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Information Architecture Overview

Wise information architecture is the backbone of every excellent content-rich Web site. Lack of expertise in information architecture is the reason that nearly every site of any depth on the Internet is difficult to use.

In order to create an incredible, effective Web site, we are going to pair Mere’s usability principles with the principles of information architecture.


Our taxonomy scheme (classification and labeling of the site) are as follows. These will be implemented into the site according to our wireframes, which are derived from these taxonomies.

The core taxonomies of a ministry-focused resource library are: resource types, topics, and tags. Here’s what we mean:

Resource Types

In our IA schema: the term “resource type” refers to a specific type of category, to keep it distinct from “Topic”, which is still a category. A “Resource Type” should be thought of as a the genre of the resource. A resource category is always a noun, always a specific “thing”.

It should be able to be referred to in the singular and in the plural. Please also note that these categories never refer to a media type (audio, video, etc), but always to a genre. Media type is a separate type of taxonomy, and transcends the resource category.

Examples of ministry-related resource types:

  • Sermons
  • Blog Entries
  • Stories
  • Podcasts
  • Articles
  • Studies
  • Books
  • Curriculum
  • Conference Messages


Another classification (type of category) for your resources are the “topics”. A topic should be thought of as the main theme of the resource. See the list below. Topics are concepts, rather than genres. Importantly, each resource should only ever have one primary topic. This distinction is somewhat arbitrary, but important for find-ability.

Note: There are potential exceptions to this rule, that need to be considered carefully. Interviews such as panel discussions, radio interviews, and podcasts often cover multiple topics. In this case it is appropriate to assign multiple topics, one for each segment of the interview, panel, broadcast, or podcast. In this case the principle would be to use as few topics as possible.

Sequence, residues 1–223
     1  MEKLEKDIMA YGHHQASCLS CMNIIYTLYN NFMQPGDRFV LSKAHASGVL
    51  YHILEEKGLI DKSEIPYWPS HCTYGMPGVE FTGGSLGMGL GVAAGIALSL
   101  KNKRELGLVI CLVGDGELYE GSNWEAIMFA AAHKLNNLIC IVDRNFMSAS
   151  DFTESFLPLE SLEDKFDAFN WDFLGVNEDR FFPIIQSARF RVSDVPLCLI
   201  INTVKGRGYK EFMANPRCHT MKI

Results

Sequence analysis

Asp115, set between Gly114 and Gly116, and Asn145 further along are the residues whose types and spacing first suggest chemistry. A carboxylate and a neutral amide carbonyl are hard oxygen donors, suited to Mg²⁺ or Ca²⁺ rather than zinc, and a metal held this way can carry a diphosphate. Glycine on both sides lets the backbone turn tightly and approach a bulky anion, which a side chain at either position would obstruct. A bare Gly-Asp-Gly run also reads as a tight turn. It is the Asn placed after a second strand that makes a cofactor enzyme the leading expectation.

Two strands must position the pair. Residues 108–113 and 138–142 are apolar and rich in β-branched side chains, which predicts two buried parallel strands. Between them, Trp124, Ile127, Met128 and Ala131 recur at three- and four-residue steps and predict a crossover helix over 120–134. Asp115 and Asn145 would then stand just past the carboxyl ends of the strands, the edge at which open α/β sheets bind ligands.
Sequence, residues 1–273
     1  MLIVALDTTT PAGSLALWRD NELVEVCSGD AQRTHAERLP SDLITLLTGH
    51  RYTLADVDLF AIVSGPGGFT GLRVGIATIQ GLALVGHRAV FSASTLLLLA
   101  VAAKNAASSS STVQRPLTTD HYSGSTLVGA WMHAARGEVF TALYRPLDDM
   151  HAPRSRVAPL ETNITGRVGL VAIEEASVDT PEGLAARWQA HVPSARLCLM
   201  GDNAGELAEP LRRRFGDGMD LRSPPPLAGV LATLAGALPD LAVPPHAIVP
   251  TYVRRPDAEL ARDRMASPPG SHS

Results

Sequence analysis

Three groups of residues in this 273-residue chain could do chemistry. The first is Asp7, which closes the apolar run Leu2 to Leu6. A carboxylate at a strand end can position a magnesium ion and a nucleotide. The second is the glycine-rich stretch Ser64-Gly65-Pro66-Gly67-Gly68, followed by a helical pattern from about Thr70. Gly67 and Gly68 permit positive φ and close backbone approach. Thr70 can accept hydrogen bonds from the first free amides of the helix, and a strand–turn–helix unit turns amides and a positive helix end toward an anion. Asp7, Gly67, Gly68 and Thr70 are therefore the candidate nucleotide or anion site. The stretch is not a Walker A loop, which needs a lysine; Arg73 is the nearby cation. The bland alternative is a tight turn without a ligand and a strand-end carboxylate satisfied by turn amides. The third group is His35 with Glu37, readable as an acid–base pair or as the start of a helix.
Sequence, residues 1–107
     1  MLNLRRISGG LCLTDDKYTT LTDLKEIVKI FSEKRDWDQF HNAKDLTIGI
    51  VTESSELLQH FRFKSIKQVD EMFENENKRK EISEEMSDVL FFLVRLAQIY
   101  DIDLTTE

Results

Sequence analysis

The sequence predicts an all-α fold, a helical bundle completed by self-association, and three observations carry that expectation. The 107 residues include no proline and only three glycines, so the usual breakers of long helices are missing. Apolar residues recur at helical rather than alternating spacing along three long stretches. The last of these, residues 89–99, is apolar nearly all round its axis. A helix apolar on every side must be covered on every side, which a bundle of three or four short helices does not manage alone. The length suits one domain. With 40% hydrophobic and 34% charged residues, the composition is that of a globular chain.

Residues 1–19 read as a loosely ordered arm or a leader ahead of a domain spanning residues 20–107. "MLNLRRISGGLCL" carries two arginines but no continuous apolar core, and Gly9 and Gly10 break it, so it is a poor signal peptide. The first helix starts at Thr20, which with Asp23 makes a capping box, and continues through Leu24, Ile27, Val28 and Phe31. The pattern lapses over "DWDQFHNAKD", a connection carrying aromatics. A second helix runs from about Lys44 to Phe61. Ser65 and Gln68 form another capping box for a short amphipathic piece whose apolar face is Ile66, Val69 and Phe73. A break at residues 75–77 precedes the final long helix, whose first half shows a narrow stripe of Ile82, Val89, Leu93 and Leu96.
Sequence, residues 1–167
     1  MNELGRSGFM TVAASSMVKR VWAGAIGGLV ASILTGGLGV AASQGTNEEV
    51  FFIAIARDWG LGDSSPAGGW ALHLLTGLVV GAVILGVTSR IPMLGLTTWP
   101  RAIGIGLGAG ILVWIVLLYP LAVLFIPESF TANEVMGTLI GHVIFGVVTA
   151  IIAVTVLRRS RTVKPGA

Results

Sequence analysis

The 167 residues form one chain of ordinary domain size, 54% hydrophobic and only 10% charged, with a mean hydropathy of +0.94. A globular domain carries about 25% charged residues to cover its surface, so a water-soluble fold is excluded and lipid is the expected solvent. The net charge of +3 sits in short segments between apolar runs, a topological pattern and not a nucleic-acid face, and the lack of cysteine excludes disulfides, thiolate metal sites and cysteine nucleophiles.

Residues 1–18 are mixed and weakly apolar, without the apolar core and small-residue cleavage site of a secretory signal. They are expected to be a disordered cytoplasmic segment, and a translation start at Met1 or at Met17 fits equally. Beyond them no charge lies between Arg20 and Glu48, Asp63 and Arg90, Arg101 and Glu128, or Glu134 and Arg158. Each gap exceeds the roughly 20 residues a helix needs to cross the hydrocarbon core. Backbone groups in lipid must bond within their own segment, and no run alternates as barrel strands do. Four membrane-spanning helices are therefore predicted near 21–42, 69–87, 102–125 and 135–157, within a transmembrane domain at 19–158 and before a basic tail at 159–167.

Related topics may also be assigned to help the “related resources” engine, and also as a clue for your readers.

Mere has a recommended topic index for churches and ministries. It is based on the classic categories of systematic theology, expanded slightly by popular theology topics, and categories from the Christian book industry.


The most generic and flexible of taxonomies. With tags you are creating a full index of terms used in your resource library. Tags should differ from all other taxonomies used, and should never repeat another. Additionally, avoid “keyword loading” by saying the same thing in different ways for each resource. Generally speaking, whereas topics are general themes and concepts, tags are proper nouns: names, places, brands, etc. Tags are what this resource uniquely contains, while topics are how the resource fits into the overall library.

Other Taxonomies

  • Series - Sermon series, etc.
  • Date - Date resource was created, first published, or delivered
  • Author (or Speaker) - Who created or preached the resource, including all panelists and interviewees (everyone who is “speaking” in a resource)
  • Occasion - Easter, Christmas, Funeral, Wedding, Racial Reconciliation Sunday, any “occasion” for a sermon or other resource that would be commonly expected and looked for.
  • Campus - Which campus the resource was delivered or created on
  • Conference - gives you the “Conference message by conference” index.
    • Conference Names (for Organization-Hosted Conferences)
    • Outside Conferences
      • Sub-taxonomy for specific conference name